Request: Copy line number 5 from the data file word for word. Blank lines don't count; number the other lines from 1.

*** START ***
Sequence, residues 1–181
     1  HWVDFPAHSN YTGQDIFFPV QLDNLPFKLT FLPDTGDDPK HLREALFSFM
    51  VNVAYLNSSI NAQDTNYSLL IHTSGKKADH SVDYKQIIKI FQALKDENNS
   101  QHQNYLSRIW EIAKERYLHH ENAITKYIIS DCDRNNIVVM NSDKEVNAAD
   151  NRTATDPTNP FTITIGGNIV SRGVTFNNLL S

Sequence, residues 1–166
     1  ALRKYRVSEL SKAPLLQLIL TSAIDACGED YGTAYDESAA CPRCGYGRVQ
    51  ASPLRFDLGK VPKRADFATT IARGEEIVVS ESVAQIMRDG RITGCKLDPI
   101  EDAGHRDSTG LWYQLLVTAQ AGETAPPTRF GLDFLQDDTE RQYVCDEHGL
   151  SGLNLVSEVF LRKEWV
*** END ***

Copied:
   151  NRTATDPTNP FTITIGGNIV SRGVTFNNLL S